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### 15.8.10 Writing Guide

This is a guide to writing software pipelined loops for processing limb vectors in assembly.

First determine the algorithm and which instructions are needed. Code it without unrolling or scheduling, to make sure it works. On a 3-operand CPU try to write each new value to a new register, this will greatly simplify later steps.

Then note for each instruction the functional unit and/or issue port requirements. If an instruction can use either of two units, like U0 or U1 then make a category “U0/U1”. Count the total using each unit (or combined unit), and count all instructions.

Figure out from those counts the best possible loop time. The goal will be to find a perfect schedule where instruction latencies are completely hidden. The total instruction count might be the limiting factor, or perhaps a particular functional unit. It might be possible to tweak the instructions to help the limiting factor.

Suppose the loop time is N, then make N issue buckets, with the final loop branch at the end of the last. Now fill the buckets with dummy instructions using the functional units desired. Run this to make sure the intended speed is reached.

Now replace the dummy instructions with the real instructions from the slow but correct loop you started with. The first will typically be a load instruction. Then the instruction using that value is placed in a bucket an appropriate distance down. Run the loop again, to check it still runs at target speed.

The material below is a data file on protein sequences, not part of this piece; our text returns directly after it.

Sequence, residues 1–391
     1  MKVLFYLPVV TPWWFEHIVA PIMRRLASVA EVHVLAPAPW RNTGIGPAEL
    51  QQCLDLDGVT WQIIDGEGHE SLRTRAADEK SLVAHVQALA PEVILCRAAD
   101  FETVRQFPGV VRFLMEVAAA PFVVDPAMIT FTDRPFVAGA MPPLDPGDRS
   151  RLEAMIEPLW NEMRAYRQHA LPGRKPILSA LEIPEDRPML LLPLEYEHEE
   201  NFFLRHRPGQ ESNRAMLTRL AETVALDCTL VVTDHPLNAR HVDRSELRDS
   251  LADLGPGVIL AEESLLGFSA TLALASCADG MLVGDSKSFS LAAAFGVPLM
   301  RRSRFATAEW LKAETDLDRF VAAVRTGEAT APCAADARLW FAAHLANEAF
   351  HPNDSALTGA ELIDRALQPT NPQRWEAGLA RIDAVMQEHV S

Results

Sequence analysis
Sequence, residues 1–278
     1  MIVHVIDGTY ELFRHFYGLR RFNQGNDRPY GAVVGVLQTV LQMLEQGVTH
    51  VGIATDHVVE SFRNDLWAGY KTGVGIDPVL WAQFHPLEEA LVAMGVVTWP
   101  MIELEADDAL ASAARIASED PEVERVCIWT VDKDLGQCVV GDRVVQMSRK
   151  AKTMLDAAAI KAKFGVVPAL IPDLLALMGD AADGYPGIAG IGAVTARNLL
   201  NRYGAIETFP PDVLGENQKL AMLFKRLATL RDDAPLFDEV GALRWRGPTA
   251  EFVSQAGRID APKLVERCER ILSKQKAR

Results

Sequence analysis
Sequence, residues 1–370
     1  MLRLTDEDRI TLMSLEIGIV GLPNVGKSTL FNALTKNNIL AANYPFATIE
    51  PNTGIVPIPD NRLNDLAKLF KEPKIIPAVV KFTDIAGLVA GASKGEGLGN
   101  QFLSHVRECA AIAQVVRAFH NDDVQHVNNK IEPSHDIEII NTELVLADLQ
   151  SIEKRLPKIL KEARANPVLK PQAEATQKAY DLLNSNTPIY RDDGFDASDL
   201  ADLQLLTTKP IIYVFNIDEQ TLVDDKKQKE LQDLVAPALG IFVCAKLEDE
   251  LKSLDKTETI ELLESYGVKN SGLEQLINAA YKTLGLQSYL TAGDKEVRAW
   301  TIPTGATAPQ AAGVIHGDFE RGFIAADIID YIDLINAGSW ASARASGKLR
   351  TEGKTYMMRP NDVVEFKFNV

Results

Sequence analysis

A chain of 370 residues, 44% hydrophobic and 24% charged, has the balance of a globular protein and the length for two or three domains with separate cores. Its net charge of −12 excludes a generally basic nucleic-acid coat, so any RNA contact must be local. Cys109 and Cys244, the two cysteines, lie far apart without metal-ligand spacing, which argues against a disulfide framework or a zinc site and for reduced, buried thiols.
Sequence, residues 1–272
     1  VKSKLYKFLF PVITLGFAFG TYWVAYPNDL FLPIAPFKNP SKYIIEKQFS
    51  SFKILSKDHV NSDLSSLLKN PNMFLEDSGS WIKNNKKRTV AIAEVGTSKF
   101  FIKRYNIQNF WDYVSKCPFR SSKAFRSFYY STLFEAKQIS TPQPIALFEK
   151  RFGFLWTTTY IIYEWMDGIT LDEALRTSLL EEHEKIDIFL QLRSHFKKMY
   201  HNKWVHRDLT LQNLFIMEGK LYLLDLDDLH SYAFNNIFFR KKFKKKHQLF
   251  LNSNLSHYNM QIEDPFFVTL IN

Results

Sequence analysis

Keep placing instructions, frequently measuring the loop. After a few you will need to wrap around from the last bucket back to the top of the loop. If you used the new-register for new-value strategy above then there will be no register conflicts. If not then take care not to clobber something already in use. Changing registers at this time is very error prone.

The loop will overlap two or more of the original loop iterations, and the computation of one vector element result will be started in one iteration of the new loop, and completed one or several iterations later.

The final step is to create feed-in and wind-down code for the loop. A good way to do this is to make a copy (or copies) of the loop at the start and delete those instructions which don’t have valid antecedents, and at the end replicate and delete those whose results are unwanted (including any further loads).

The loop will have a minimum number of limbs loaded and processed, so the feed-in code must test if the request size is smaller and skip either to a suitable part of the wind-down or to special code for small sizes.

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